Former Mayor Tommy Longo was a public servant, not a politician, former Gov. Haley Barbour said Monday after he learned that Longo had passed away over the weekend.
Longo’s three terms as mayor, from 1998-2010, were marked by natural and man-made disasters of historic proportions.
“He was somebody who ran for public office as a public service and was in the bull’s eye of the worst natural disaster in American history,” said Barbour, who led the state during and after Hurricane Katrina in 2005. “I admired him and others like him because that isn’t what they signed up for. I can promise you that when he got elected mayor he never dreamed his hometown would be obliterated because I didn’t dream it, either.”
Disaster recovery was still very much a part of Longo’s life when he passed away unexpectedly Saturday evening at age 60.
“Tommy always loved Waveland,” said Beau Gex, who grew up with Longo and serves as Hancock County Port and Harbor director. “I think he got that from the fact that his daddy was mayor for so long.”
Swimming for life
Longo grew up with five brothers and sisters. He always had a big heart. When they were teenagers, Gex said, Longo recruited friends to paint a dilapidated house for a poor family. He organized a crew that got the job done over a weekend, Gex said.
Longo and his wife, Marcia, had a large family of their own, with seven children and more than 100 foster children over the years.
Longo was elected mayor in 2002, but when Katrina hit he was just another resident swimming for his life. He had undergone knee-replacement surgery four days earlier. The tide tore off his soft cast, and swept away his crutches and walker.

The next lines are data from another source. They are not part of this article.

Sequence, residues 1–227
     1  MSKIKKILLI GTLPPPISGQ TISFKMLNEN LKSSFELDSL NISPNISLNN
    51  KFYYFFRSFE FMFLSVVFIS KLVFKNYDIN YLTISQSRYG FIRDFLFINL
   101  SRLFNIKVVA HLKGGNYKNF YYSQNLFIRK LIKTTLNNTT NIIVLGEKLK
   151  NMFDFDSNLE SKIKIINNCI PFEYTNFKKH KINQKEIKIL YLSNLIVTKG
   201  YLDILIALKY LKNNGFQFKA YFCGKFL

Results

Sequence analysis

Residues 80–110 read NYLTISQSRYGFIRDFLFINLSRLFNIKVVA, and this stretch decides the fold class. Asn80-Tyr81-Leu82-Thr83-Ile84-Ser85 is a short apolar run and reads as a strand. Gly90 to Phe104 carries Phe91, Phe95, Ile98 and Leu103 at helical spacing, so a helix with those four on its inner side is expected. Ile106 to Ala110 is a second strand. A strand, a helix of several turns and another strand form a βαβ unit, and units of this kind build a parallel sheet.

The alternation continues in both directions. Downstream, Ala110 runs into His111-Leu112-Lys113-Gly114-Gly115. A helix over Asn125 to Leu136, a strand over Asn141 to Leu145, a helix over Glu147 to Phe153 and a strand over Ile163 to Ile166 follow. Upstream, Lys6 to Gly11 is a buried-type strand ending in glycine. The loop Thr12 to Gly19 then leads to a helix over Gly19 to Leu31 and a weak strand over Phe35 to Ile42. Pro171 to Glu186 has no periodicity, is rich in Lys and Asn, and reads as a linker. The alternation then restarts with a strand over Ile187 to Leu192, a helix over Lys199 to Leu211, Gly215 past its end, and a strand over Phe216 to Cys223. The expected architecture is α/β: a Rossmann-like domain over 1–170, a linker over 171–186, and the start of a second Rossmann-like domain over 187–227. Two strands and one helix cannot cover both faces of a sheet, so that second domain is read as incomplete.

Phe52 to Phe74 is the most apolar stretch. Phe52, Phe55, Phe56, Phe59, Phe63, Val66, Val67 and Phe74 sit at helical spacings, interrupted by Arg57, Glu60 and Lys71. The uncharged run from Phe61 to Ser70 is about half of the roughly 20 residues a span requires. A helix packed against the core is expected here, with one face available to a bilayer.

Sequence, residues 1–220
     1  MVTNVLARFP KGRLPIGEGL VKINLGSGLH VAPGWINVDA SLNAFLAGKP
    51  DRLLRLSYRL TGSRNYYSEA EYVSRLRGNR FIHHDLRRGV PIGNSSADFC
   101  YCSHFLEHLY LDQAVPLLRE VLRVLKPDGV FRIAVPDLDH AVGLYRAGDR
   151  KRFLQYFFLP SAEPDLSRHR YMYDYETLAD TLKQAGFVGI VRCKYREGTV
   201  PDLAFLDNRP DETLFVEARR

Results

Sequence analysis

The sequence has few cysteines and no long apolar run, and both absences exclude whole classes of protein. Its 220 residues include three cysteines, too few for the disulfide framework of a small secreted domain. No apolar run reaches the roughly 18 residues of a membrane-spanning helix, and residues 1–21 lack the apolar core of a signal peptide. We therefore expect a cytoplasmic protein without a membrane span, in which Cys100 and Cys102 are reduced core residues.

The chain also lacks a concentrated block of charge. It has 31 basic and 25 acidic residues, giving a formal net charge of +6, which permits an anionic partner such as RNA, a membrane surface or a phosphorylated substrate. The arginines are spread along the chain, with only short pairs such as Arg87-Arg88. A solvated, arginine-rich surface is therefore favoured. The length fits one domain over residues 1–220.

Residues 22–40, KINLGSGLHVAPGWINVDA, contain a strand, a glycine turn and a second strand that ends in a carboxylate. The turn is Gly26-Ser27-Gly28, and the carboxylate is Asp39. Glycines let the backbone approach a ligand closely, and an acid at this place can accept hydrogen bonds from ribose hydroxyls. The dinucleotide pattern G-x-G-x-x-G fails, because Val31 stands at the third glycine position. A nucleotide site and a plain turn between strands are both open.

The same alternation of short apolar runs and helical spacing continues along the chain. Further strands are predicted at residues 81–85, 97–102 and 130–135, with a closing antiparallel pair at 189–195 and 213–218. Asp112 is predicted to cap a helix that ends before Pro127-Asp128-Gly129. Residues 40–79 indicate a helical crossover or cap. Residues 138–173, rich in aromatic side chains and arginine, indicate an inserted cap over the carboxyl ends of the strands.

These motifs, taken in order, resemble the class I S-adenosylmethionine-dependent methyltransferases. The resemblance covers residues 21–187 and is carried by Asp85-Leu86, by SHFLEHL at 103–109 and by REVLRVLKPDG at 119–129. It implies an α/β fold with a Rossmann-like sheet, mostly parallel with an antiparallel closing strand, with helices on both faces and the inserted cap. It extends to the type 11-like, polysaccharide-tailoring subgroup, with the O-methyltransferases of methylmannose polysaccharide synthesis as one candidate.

He had no time to tend the knee. His town lay in tatters, with 95% of homes and 100% of businesses damaged or completely destroyed.
City offices on Coleman Avenue were swept away or flooded.
“He hung tough, made the hard decisions and worked hard,” Barbour said.
Longo not only dealt with FEMA and the town’s recovery from the disaster, he tried to help residents, too. He always had time to listen, Gex said, adding that Longo had a great deal of patience.
Longo himself told the Sun Herald before the fifth anniversary of Katrina: “There’s no road map for what it takes to rebuild a city — literally from under the ground up . . . To say that it’s been a tough recovery is an understatement.”
Mentor after disaster
He shared what he had learned, for which nationally prominent journalist and Bay St. Louis native Kathleen Koch is forever grateful. Koch covered Hurricane Katrina for CNN and eventually wrote a book about her hometown’s recovery.
Longo and Mayor Chip McDermott of Pass Christian volunteered to help her with a new nonprofit before she even got it set up. LeadersLink connects elected leaders with experienced counterparts in the wake of disasters. Longo mentored Sea Bright, N.J., Mayor Dina Long after Hurricane Sandy in 2012.
Long remembers worrying that her small, devastated borough was being left out of media coverage.
Longo just looked at her and said, “You go get yourself on TV to-mor-row.”
“We were on CNN; We were everywhere,” Long said. “Tommy was the one who really coached me to get out front. I was really shy before all this.”
Longo also traveled to the Big Bend of Texas to work with elected officials after Hurricane Harvey in 2017.
He never lost track of his family. He hunted and fished with his children, sharing his lifelong love of the outdoors. When he and Koch traveled together in Texas, she said, he was often checking in with his family, offering his children advice and support.
Koch last talked to Longo on Thursday night. He was worried about the pace of Panama City’s recovery from Hurricane Michael in October.
He said that he had been having some health issues, Koch said, but he quickly changed the subject to the hurricane.
“Literally, in his final hours, as he was weak and in pain, he was focused on, ‘How do we help other people?’ ‘What can we do?’,” Koch said. “He was so special and I will miss him for the rest of my life.”